Which of your books gave you the most pleasure to write?

I have only one to my name, but this one, despite it taking me back to France every day I wrote, helped me to turn the page and start to see beauty in my new Australian life. I don’t think that describes pleasure. That came after the writing.

What is the best marketing tip you have received?

To make contact with libraries and organisations that welcome guest speakers. I love to talk so to be able to revisit my precious memories with others is a privilege.

How would you describe yourself?

Restless. I have to reign myself in from trying to convince every person that I meet to turn their current life on its ear and set off into the unknown. Having done this time and again, I know the fulfillment that change can bring; I also know that it can lead to the rejection of what is ‘normal’ or ‘expected’ and I have to work hard to ‘trouver le juste equilibre’.

What do you do when you are not writing or reading?

The truth is that these days I spend very little time on both activities. The two years that I spent writing my book were a luxury that I can no longer really afford. Planning our next move is my current number one time consumer.

If you could holiday anywhere in the world, where would you choose and why?

Not surprisingly, for me it is first and foremost France. It has got under my skin and when I am not there, I picture myself being there. As it is a country with such wonderful variety, I get to imagine walking the custom officers’ lonely, windswept paths overlooking exposed muddy sea floors in Brittany, squeaking through the sandy coves of the Mediterranean, skiing down the slopes of the mountains near our home on a sunny winter’s day, refusing to give in to my Australian dress code and putting on heels to step impracticably through the cobblestone village streets, sitting down to my café allongé which gives me a few extra sips to become part of the ready-to-be-mass-produced clichéd postcard scene…and I could go on.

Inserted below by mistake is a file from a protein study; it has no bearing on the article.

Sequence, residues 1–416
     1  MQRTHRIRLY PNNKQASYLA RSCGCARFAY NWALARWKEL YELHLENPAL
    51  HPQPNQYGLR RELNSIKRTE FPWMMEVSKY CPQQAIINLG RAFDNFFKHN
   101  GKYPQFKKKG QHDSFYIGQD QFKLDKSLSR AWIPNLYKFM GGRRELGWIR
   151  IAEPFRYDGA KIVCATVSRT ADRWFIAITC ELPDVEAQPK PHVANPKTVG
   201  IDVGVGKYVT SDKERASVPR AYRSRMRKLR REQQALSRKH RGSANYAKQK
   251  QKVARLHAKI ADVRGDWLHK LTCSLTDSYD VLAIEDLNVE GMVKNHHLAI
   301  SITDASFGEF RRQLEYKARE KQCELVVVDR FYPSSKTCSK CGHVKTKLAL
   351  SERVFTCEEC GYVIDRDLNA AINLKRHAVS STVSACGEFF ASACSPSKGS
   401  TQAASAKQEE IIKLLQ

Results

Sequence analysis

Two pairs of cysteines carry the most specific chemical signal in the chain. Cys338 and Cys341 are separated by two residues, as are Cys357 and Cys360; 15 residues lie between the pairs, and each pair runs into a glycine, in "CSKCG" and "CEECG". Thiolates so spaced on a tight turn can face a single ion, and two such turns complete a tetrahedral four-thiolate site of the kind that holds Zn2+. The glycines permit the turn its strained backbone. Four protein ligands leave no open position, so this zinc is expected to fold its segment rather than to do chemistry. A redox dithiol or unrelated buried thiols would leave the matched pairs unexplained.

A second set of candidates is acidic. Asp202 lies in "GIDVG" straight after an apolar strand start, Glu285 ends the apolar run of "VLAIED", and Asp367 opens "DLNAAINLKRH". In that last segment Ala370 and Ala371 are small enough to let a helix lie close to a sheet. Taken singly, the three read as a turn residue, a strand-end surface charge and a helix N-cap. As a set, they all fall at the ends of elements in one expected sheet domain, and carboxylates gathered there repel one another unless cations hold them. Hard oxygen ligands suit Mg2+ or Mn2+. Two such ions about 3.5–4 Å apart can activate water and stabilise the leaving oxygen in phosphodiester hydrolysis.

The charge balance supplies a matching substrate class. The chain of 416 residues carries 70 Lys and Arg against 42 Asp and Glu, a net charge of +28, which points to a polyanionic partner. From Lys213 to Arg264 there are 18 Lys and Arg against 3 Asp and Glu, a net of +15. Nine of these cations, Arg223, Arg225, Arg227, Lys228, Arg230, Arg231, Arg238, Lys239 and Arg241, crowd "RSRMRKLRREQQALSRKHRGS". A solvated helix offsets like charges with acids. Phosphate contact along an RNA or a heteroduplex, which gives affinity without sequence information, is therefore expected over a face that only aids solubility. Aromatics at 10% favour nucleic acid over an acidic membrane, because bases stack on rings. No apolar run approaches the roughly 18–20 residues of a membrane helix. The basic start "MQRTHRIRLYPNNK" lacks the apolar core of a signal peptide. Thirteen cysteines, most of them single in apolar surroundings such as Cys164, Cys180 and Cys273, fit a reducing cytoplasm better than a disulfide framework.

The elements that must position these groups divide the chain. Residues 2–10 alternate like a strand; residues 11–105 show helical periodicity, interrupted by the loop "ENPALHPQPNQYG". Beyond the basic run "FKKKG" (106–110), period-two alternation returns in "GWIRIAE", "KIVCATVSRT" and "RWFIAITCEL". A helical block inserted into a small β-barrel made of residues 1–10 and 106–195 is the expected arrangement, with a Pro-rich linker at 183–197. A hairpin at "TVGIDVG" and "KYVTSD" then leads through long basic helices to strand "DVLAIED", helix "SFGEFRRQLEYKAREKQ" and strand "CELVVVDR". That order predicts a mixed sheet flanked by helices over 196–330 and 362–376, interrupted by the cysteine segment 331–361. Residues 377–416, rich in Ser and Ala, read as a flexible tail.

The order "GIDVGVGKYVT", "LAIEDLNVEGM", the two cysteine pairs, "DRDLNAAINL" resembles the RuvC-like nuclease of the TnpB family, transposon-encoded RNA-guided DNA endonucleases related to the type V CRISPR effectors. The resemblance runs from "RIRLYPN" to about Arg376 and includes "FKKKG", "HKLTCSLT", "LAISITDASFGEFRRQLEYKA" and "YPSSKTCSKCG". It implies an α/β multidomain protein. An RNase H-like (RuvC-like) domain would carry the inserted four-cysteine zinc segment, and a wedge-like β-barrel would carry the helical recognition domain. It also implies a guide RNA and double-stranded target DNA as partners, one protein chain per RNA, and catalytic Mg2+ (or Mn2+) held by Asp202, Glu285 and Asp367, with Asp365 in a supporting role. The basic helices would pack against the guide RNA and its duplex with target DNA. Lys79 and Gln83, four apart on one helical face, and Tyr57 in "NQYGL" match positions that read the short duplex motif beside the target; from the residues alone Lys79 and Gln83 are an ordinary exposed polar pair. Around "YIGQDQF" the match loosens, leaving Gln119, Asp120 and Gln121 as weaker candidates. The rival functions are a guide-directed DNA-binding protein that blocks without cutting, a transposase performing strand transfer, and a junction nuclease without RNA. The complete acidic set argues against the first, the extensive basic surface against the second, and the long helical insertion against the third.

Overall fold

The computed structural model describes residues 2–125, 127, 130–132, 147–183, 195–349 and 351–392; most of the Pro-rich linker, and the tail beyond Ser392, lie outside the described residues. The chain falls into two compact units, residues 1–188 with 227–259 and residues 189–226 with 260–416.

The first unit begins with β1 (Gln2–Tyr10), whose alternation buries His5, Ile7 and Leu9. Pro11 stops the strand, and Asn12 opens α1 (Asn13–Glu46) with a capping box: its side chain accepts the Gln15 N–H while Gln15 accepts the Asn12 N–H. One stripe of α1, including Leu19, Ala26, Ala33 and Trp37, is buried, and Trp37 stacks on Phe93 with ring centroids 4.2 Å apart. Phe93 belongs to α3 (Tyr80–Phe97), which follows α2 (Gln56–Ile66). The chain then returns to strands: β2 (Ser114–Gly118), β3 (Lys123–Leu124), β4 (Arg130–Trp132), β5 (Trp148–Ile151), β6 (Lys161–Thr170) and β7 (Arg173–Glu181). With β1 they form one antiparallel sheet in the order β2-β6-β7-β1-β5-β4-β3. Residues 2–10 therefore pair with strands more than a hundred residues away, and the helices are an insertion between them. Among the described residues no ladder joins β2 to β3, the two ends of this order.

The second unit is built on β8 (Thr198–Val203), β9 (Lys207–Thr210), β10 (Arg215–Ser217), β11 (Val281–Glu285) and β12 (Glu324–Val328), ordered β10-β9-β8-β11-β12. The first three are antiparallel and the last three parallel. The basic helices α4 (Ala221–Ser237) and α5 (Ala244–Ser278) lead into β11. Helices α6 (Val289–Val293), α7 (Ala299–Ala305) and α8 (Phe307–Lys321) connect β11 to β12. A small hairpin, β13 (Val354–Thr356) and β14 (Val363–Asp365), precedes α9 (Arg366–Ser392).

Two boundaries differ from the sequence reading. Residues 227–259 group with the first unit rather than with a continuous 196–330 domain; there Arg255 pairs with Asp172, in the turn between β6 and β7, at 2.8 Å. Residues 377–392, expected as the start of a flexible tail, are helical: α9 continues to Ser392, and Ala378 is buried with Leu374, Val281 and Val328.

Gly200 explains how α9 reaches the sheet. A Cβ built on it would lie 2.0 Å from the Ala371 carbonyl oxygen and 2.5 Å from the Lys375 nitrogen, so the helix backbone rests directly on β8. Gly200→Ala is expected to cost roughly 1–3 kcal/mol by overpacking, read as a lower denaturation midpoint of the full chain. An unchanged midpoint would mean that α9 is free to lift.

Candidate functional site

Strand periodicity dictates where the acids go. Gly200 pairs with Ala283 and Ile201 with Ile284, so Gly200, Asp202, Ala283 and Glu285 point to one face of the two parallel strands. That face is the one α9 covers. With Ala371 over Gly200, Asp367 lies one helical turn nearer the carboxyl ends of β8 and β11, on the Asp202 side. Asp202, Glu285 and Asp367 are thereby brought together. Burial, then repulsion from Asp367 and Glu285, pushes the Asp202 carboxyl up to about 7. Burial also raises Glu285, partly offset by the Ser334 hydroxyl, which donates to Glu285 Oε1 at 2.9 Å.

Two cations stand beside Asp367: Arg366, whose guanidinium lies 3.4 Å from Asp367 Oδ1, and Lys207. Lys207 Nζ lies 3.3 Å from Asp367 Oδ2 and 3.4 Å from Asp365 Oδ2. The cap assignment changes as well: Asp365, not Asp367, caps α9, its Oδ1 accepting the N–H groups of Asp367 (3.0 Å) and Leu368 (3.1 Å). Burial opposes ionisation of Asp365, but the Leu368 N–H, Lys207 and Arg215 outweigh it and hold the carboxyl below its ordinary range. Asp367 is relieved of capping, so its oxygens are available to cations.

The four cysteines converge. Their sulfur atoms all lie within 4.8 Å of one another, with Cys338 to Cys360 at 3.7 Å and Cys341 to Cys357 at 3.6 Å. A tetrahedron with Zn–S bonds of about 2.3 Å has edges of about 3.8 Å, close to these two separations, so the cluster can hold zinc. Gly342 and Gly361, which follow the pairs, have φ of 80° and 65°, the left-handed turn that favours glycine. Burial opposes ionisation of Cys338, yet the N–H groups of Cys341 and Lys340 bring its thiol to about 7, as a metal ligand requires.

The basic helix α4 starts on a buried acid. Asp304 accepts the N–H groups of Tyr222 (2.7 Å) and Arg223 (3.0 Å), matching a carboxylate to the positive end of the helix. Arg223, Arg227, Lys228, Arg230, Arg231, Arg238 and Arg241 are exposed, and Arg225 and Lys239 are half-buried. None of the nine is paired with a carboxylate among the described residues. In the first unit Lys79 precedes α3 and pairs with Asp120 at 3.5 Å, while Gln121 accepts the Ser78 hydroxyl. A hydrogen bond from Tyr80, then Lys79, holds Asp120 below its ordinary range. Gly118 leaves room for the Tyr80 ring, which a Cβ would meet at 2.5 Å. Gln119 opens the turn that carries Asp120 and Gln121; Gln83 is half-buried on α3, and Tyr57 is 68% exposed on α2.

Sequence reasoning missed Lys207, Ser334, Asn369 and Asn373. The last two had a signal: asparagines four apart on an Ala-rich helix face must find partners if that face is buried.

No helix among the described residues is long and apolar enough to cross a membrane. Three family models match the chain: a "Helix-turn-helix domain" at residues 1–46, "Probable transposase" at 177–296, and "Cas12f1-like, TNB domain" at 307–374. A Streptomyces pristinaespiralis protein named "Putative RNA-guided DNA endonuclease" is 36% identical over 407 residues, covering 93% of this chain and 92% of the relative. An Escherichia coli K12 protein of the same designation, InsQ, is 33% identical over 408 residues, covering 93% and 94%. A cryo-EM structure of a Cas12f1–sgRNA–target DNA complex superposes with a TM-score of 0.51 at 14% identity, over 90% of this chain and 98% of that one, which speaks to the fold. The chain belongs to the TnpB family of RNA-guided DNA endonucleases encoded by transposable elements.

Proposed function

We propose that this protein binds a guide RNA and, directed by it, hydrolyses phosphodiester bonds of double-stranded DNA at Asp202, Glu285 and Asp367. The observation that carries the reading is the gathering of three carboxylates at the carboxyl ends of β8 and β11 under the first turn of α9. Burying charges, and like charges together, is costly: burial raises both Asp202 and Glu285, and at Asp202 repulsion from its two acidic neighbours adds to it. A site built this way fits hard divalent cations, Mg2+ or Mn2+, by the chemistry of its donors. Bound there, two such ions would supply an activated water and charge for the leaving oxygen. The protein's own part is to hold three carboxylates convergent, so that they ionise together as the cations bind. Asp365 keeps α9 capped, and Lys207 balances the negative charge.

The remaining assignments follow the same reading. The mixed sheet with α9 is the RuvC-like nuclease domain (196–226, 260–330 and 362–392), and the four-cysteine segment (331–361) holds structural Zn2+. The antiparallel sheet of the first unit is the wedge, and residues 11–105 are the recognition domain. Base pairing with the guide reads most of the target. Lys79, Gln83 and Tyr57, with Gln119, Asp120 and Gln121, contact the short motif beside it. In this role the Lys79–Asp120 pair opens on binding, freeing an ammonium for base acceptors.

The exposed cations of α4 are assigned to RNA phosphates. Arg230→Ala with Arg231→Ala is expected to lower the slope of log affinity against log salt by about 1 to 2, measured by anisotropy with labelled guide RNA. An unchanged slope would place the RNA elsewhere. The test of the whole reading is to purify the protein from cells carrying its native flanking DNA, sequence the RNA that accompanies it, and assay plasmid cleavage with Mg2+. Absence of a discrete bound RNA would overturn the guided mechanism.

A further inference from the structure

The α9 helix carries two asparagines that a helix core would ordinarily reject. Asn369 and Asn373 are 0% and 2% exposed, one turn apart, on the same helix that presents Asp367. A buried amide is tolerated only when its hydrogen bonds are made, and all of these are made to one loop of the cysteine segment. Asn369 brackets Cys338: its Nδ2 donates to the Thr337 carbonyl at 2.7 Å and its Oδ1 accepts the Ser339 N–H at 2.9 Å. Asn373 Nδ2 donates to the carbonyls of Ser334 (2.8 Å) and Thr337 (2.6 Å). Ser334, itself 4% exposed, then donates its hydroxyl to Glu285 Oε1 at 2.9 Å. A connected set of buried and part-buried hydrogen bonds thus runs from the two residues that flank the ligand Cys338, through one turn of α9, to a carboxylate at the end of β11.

What is the biggest factor for you when selecting a book to read?

I like to read in French. It combines my love of stories and my fascination with the French language. When I was living in the Alps, one of my most favourite routines involved heading to the village libraries to make my selection. Now, each time I return to France, I head to the supermarkets and stock up on quick paperback reads. The rest of the time, I have to rely on whatever happens to be rotated through the one French shelf of my local Australian library. As mentioned above, though, I don’t read as often as I’d like so supply is generally not an issue.

Do you have your own website?

To get a more complete picture of our French life, I would invite your readers to hop over to my blog page http://butyouareinfrancemadame.blogspot.com.au or our house rental site at www.ourfrenchvillagehouse.com

Are you working on a new book at the moment?

My husband is of Italian descent. But you are in France, Madame would lead very nicely to a sequel But you are in Italy, Signora don’t you think!

Do you have any events or book promotions coming up that you would like to tell us about?

I love to talk at book clubs, libraries or any group interested in France, bilingual education or big family moves.